From The Art and Popular Culture Encyclopedia
The Gemäldegalerie is an art museum in Berlin, Germany. It holds one of the world's leading collections of European art from the 13th to the 18th centuries. It is located on Kulturforum west of Potsdamer Platz. Its collection includes masterpieces from such artists as Albrecht Dürer, Lucas Cranach, Raphael, Titian, Caravaggio, Peter Paul Rubens, Rembrandt and Johannes Vermeer. It was first opened in 1830, and was rebuilt in 1998.
The Gemäldegalerie prides itself on its scientific methodology in collecting and displaying art. Each room can be taken in as a single statement about one to five artists in a certain period or following a certain style. Especially notable rooms include the octagonal Rembrandt room and a room containing five different Madonnas by Raphael.
Other notable experiences include Flemish moralistic paintings which stretch across the north side of the museum, showing an interplay between the religious motives of the artists' patrons and the often sensual inspirations of the artists. In the Renaissance section, for example, Caravaggio's Amor Victorious is displayed alongside Giovanni Baglione's Sacred Love Versus Profane Love. The two paintings are historically connected; after hearing of the scandalous portrayal of the theme "love conquers all" in Carvaggio's work, a Roman bishop commissioned Baglionne's reply, which mimics Carvaggio's style, including the features of Amor.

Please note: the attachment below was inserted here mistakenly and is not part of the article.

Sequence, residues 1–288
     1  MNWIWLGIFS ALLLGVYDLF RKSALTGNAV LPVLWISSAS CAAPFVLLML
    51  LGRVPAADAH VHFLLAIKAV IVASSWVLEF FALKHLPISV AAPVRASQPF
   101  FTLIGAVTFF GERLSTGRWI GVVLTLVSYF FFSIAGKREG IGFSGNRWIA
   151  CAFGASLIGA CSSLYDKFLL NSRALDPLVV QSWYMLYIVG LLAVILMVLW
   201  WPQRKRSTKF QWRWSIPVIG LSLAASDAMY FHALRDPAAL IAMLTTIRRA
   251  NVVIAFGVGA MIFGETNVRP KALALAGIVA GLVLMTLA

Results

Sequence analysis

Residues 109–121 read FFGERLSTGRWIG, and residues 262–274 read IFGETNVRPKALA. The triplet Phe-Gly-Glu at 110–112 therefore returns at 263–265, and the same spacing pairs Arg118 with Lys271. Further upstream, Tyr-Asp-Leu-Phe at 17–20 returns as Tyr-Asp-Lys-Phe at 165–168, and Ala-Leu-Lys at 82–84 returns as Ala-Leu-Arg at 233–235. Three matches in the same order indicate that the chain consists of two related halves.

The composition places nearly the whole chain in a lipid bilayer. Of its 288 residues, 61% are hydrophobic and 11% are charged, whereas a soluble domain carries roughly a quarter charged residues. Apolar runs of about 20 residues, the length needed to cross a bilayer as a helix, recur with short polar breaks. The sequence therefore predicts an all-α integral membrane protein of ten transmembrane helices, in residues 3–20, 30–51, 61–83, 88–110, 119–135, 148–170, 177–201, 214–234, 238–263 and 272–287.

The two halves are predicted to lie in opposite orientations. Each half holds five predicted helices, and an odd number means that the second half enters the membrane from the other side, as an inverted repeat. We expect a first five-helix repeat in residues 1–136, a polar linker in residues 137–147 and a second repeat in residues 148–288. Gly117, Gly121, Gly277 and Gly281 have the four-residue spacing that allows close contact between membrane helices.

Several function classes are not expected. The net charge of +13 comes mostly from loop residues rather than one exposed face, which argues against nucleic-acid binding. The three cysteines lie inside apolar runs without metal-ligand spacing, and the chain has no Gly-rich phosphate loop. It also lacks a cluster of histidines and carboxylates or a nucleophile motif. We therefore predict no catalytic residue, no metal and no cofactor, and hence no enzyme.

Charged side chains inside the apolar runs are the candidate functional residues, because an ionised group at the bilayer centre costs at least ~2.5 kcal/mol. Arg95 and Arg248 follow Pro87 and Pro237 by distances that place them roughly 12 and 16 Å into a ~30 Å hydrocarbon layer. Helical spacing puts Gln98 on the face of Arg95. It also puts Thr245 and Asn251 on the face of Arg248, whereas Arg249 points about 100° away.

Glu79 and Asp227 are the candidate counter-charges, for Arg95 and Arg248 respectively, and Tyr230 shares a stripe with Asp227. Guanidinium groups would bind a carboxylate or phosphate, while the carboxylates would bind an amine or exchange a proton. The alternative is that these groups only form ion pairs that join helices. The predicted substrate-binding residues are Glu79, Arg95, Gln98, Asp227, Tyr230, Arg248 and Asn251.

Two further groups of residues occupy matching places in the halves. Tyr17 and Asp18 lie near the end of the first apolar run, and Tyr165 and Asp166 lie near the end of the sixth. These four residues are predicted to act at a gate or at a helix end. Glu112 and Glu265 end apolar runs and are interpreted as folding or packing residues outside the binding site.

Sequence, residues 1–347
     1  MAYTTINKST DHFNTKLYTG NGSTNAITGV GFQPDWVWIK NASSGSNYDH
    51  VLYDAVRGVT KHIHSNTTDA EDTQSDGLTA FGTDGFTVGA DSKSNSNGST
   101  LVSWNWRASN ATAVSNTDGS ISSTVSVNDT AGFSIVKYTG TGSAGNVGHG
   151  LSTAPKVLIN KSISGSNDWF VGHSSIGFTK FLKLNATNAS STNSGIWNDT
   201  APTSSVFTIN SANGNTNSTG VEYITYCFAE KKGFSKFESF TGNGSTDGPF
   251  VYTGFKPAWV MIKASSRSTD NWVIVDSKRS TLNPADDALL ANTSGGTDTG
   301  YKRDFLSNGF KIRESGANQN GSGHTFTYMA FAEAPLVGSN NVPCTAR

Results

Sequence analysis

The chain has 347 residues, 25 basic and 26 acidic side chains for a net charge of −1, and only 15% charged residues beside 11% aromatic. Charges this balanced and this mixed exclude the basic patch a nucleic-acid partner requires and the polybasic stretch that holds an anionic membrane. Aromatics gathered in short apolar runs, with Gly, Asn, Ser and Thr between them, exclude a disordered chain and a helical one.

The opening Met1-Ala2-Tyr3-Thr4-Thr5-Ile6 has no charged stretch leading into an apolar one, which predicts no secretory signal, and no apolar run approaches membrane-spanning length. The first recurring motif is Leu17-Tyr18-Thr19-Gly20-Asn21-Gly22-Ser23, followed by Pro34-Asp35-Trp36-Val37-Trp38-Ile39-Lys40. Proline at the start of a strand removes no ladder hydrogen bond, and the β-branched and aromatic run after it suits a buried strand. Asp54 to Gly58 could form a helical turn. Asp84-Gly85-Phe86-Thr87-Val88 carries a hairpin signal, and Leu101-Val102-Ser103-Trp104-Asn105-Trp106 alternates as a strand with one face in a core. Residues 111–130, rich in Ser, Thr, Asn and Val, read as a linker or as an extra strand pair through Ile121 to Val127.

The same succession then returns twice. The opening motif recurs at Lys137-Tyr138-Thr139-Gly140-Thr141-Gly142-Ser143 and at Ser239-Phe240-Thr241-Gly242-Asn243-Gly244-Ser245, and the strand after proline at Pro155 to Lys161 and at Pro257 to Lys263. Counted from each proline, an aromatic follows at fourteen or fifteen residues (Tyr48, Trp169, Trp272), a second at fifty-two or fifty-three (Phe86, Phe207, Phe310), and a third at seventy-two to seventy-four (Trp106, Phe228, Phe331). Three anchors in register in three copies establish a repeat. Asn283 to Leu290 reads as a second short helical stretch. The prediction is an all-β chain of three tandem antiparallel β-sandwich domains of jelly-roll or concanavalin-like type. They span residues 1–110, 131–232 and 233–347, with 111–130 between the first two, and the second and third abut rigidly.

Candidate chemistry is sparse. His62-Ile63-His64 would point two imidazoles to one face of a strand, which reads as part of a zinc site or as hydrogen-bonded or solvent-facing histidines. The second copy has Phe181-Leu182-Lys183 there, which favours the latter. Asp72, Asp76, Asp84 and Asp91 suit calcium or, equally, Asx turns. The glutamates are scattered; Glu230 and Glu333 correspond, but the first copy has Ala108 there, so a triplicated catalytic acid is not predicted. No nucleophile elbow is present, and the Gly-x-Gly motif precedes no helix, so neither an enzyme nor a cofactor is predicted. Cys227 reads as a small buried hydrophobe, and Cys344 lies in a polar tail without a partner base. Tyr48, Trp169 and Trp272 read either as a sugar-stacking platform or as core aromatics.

The collection was first located in the Royal Museum located near Lustgarten on Unter den Linden, a famous Berlin street. The collection began largely with the collection of Frederick the Great. The gallery's first director was Gustav Friedrich Waagen. Berlin's premier name in museum direction, Wilhelm von Bode, served the gallery from 1890 to 1929. His leadership marked the rise of the Gemäldegalerie to international prominence.
In 1904 the Gemäldegalerie was largely a collection of Renaissance art when it moved to the newly built Kaiser Friedrich Museum, later known as the Bode Museum. The museum was badly damaged during World War II, however most of the collection survived the war in shelters across Germany. At the end of world war II however, 400 art pieces were destroyed in a fire of a Flak tower that served as bomb shelter. Furthermore, several hundred paintings looted by Russian as well as American soldiers or confiscated and never returned by the red army. The rest of the collection was divided between East Berlin (mostly at the Bode Museum on Museumsinsel) and West Berlin in Berlin-Dahlem.